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Yes, some people do lose weight by eating a gluten-free diet. But this has nothing to do with gluten. Rather, it is because they start eating better. They can no longer stop for pizza or most fast food on the way home. They start eating less processed foods and more fruits and vegetables. That being said, there are still plenty of unhealthy foods that are naturally gluten-free, not to mention there are plenty of gluten-free products that are full of fat and sugar. For example, potato chips and french fries are gluten-free (for chips, it does depend on the brand and flavorings used). There is an incredibly large number of products such as gluten-free brownies, cakes, cookies, and more available today. All of this is to say that simply cutting out gluten will not make you lose weight. Eating healthy and exercising will – and that can include gluten-containing products. (4)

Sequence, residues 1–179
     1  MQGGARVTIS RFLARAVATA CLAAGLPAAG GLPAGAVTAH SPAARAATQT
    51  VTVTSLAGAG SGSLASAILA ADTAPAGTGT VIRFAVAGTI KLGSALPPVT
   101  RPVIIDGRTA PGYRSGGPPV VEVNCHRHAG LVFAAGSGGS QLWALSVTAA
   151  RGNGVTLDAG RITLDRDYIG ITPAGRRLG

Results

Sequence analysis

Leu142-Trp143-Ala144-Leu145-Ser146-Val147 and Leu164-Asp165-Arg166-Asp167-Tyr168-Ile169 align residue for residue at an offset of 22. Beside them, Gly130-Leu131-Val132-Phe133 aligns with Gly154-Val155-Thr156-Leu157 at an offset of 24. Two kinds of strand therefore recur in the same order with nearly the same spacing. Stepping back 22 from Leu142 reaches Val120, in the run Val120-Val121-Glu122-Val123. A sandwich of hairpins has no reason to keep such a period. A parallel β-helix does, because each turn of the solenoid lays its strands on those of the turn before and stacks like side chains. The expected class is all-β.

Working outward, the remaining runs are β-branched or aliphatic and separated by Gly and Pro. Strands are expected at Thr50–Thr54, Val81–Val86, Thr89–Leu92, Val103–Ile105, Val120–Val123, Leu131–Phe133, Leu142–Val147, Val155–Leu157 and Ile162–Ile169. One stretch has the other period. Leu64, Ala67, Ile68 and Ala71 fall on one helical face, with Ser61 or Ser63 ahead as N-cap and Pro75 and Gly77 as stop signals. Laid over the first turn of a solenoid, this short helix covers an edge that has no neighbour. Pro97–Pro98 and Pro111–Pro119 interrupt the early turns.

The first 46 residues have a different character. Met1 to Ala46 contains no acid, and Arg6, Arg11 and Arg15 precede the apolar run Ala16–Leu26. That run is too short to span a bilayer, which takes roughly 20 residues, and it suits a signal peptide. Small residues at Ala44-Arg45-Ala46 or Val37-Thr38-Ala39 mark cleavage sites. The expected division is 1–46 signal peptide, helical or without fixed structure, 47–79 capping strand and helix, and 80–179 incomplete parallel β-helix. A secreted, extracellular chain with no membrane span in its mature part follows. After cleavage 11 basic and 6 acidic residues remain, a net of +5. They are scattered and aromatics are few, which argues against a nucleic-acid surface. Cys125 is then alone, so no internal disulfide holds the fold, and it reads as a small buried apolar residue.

5. Cutting Out Gluten Means Cutting Out Carbs: FALSE

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There are plenty of gluten-free carbohydrate options available. Think potatoes, sweet potatoes, plantains, yucca, quinoa, corn, rice, and oats (there can be cross-contamination, so read your labels). These all have plenty of nutritional value and should be included in a healthy diet. Remember, your body and your brain need carbs in order to function properly.

The Bottom Line